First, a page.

Crossing the Information Chasm

Facebook, Twitter, and other emergent platforms have resulted in the Balkanization of the world of information.  There are large subpopulations that believe the moon landing was faked, climate change and the pandemic are hoaxes, and the presidential election was fraudulently stolen from Donald Trump. They only pay attention to information sources that support these views.  Everything else is seen as fake news.

Does this matter and, if so, what can be done to remedy the situation?   Does the prevalence of believers of disinformation have any impacts?  Certainly, persisting in the use of fossil fuels and not wearing masks affects others, as well as themselves.  A Darwinian perspective would suggest that they will suffer the consequences of their behaviors and, over time, this subpopulation will steadily decrease in size.

This assumes, however, that they just passively accept these consequences.  Another possibility is that they aggressively conflict with other subpopulations that do not support their views.  They might organize, and possibly weaponize, to counter their “deep state” adversaries.  The result would likely be armed conflicts that were associated with originally coining the term Balkanization.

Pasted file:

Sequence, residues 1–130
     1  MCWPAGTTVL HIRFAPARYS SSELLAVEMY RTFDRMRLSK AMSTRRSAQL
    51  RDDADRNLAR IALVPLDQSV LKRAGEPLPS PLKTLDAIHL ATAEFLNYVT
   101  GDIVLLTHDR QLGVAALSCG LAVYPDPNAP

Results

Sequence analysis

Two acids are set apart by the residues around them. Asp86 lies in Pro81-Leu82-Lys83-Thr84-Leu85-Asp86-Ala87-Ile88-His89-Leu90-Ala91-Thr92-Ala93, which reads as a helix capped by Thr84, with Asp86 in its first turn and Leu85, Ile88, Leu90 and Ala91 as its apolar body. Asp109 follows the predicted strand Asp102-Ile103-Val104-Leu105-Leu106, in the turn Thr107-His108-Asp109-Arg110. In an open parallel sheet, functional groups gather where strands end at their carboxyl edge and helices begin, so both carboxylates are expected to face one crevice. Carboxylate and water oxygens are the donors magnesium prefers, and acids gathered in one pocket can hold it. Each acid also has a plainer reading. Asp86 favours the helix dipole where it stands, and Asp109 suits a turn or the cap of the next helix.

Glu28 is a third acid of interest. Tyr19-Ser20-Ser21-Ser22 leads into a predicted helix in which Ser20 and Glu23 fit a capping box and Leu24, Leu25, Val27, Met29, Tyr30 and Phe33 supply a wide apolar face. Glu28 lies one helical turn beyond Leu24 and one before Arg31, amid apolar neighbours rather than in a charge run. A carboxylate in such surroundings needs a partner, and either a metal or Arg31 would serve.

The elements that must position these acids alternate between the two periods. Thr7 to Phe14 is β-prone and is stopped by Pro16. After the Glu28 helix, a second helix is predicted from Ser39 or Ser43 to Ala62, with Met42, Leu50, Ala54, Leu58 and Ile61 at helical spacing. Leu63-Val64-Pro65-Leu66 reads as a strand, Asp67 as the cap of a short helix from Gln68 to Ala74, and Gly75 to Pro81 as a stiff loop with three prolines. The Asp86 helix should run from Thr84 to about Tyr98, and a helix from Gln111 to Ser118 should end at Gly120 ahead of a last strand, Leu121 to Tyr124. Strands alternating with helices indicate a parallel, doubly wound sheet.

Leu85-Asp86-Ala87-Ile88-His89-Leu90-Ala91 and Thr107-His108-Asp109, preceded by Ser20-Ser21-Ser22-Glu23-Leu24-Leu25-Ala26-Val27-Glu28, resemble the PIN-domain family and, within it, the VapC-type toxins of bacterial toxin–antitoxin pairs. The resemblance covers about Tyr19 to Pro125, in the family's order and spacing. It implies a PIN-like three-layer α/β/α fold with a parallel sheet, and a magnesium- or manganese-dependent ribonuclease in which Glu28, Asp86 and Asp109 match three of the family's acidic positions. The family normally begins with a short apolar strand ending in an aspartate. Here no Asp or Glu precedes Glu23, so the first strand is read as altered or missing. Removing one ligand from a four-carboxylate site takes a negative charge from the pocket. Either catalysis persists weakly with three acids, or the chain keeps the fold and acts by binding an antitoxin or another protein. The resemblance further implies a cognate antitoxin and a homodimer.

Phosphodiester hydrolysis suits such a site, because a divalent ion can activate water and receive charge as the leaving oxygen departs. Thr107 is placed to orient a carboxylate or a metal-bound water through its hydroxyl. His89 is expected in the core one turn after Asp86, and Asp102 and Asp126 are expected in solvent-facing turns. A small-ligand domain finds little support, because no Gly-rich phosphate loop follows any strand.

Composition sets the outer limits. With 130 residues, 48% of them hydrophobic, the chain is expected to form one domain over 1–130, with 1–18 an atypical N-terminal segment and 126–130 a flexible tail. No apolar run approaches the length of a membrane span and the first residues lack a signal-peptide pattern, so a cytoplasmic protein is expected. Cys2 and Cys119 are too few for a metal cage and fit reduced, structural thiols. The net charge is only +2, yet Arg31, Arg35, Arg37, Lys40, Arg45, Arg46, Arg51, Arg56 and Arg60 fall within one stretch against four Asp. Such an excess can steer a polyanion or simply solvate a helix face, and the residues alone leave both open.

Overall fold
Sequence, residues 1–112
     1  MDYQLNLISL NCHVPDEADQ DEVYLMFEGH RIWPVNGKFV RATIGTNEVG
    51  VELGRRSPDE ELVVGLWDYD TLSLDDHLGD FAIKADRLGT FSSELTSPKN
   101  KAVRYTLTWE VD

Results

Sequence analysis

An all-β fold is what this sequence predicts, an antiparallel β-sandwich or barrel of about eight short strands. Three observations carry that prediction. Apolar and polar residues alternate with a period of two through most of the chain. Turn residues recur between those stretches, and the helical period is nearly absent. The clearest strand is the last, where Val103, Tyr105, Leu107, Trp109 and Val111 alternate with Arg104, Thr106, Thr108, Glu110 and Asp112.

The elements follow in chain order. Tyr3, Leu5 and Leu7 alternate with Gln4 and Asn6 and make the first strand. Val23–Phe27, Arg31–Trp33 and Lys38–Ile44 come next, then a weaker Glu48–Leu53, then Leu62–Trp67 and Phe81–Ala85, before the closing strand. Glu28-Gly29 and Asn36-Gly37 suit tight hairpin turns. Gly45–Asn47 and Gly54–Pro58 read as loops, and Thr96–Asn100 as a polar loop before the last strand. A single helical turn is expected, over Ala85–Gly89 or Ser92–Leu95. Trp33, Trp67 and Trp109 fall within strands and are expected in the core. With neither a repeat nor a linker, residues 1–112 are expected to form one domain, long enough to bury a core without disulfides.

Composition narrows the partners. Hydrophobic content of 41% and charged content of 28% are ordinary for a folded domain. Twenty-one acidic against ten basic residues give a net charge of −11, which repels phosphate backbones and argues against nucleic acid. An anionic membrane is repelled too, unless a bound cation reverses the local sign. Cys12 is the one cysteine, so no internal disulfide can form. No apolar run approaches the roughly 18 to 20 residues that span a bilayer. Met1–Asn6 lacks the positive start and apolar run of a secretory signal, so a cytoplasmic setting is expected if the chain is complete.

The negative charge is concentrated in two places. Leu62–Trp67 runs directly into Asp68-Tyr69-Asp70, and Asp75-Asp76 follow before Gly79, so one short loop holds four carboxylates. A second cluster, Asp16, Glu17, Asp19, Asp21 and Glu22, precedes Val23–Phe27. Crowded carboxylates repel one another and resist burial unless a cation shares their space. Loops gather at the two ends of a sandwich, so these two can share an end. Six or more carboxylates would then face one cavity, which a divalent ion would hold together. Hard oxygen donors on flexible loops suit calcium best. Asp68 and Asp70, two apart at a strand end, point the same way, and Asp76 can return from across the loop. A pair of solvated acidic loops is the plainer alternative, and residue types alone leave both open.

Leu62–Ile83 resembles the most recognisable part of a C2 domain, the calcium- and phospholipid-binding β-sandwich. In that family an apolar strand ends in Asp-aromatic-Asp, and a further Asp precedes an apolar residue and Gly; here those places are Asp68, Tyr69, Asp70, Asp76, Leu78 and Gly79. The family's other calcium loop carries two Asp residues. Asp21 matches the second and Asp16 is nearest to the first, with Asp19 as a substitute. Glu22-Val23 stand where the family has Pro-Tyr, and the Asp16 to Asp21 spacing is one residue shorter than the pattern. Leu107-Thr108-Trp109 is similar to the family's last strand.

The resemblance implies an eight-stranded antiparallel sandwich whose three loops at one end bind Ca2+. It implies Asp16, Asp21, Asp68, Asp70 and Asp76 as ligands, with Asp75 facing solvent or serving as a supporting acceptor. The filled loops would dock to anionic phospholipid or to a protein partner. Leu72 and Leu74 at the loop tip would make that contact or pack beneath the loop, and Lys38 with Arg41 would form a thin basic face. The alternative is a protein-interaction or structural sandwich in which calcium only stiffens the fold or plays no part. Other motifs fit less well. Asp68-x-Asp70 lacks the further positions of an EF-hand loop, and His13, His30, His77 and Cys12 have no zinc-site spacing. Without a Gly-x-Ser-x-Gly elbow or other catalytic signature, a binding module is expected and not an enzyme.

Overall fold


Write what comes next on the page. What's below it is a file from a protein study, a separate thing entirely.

Another possibility is a broad, national initiative to open a dialog premised on the assumption that each subpopulation has compelling and valid reasons for holding their mutually conflicting beliefs.  From this perspective, everyone is right in the context of his or her lived experiences.  The next step, then, involves understanding and appreciating these experiences.

How have rural, black, LGBT, and other groups experienced life in terms of economic rewards, social acceptance, and interactions with government agencies?  How have these experiences influenced perceptions?  How have others attempted to affect these perceptions?  How might society invest to improve people’s personal situations?

This may all sound unrealistic.  However, we cannot continue to accept rampant polarization.  We need to proactively and humanely address the sources of these huge disconnects and invest in finding common ground.  Perpetual conflict will not result in the growth and satisfaction that we all seek.  We need to thoughtfully look out for each other.

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